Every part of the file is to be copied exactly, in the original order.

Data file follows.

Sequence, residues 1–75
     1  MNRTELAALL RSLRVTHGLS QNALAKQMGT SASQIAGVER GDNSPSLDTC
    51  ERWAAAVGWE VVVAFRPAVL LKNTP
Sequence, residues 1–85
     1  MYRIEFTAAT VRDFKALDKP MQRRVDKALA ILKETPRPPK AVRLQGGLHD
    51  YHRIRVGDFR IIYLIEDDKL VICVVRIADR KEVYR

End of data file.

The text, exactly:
Sequence, residues 1–75
     1  MNRTELAALL RSLRVTHGLS QNALAKQMGT SASQIAGVER GDNSPSLDTC
    51  ERWAAAVGWE VVVAFRPAVL LKNTP
Sequence, residues 1–85
     1  MYRIEFTAAT VRDFKALDKP MQRRVDKALA ILKETPRPPK AVRLQGGLHD
    51  YHRIRVGDFR IIYLIEDDKL VICVVRIADR KEVYR